Sharpen your writing skills: Families in Global Transition (FIGT) is seeking applicants for its Parfitt Pascoe Writing Residency, which includes opportunities for mentoring as well as a partial scholarship to the 2017 FIGT Conference in The Hague. Applications close on October 1st; more details here.
Updates from The Displaced Nation

WORLD OF WORDS: The travail of travel abroad with a group of middle schoolers (2/2)
What is it like to tour France with a bunch of American middle schoolers? It involves travel, for sure, but also no small amount of travail, as Marianne Bohr, who besides being a writer is a teacher of middle-school French, discovered this past spring break. This month we present Part Two of her lively travel/travail-ogue; anyone traveling with kids this summer should appreciate. (Miss Part One? Find it here.) We are now four days into April and my students and I have been to Paris and to several chateaux in the Loire Valley. Amid some moans, groans and yawns, …

LOCATION, LOCUTION: In trio of memoirs, Marjory McGinn celebrates life inside the heart of Greece at height of economic crisis
Tracey Warr is here with Marjory McGinn, a Scottish writer who grew up in Australia and now lives in East Sussex, England. In the course of a life spent trundling between Northern and Southern hemispheres, Marjory discovered Greece, which is the only non-English speaking country she has lived in (fortunately, she can speak some Greek). Her memoirs on her midlife Grecian adventures show a journalist’s eye for mood and detail and a gift for telling a good story, as Tracey’s interview will reveal….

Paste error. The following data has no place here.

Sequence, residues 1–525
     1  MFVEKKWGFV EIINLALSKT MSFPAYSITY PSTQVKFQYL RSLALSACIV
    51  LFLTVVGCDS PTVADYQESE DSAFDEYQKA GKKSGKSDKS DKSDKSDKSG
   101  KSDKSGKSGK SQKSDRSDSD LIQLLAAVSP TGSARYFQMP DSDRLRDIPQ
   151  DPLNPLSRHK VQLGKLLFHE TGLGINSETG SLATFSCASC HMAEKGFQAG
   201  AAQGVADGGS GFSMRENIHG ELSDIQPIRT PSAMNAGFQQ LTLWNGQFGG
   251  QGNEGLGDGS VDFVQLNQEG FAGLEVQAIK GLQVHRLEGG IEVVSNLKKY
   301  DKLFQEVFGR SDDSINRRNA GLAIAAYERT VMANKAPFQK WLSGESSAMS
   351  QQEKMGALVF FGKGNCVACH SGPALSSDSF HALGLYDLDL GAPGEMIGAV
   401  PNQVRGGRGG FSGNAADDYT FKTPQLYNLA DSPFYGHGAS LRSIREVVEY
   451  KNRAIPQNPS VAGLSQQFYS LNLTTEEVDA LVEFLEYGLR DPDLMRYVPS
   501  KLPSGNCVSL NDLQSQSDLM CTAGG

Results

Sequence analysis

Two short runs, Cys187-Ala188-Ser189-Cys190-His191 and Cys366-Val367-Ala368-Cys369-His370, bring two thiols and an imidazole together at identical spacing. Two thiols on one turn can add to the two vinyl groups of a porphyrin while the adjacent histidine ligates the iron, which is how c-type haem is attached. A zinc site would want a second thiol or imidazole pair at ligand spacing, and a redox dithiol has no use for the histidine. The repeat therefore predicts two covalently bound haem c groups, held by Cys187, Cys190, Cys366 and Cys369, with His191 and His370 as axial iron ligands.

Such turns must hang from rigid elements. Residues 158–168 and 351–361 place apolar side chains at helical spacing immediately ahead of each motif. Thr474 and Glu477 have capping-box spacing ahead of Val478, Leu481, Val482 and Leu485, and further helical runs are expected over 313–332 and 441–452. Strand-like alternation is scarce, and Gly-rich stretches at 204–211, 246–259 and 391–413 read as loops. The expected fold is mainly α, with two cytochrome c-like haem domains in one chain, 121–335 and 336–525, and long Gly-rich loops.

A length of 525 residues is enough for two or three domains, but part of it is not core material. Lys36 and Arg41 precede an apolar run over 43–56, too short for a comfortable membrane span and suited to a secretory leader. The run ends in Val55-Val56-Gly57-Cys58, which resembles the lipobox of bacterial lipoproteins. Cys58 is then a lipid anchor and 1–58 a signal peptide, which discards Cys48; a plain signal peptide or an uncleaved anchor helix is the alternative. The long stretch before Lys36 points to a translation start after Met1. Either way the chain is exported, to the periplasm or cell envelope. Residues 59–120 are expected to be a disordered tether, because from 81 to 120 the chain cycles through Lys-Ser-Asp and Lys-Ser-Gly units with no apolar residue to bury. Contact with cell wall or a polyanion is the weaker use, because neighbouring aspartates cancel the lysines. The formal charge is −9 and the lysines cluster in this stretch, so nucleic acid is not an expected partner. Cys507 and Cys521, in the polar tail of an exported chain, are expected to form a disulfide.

**CONGRATS to the winner of Marjory McGinn’s third memoir of her life in Greece: A Scorpion in the Lemon Tree**

Other recent posts:

THE PERIPATETIC EXPAT: Against the wind, becoming a repatriate

CULTURE SHOCK TOOLBOX: The expat life is a craft you can practice, and there are bandaids, laughter & alone time when it doesn’t go well

TCK TALENT: The talented Lisa Liang goes to Asia with her one-woman show about growing up everywhere

WORLD OF WORDS: The travail of travel abroad with a group of middle schoolers (1/2)

LOCATION, LOCUTION: Writing in Finnish and English, expat novelist Emmi Itäranta creates fantasy worlds that feel palpably real
Matters of debate:

Despite the trend being set by Michael Phelps and other Olympic swimmers earlier this month, Chinese cupping isn’t all it’s cracked up to be. When writer Alan Paul was an expat in Beijing, he decided to go for a traditional Chinese massage to relieve a pain that had flared up in his left shoulder and was alarmed to find the masseuse opted for cupping—a procedure that left him with “grotesque” bruises and made him feel “like someone had beaten my back with a baseball bat.”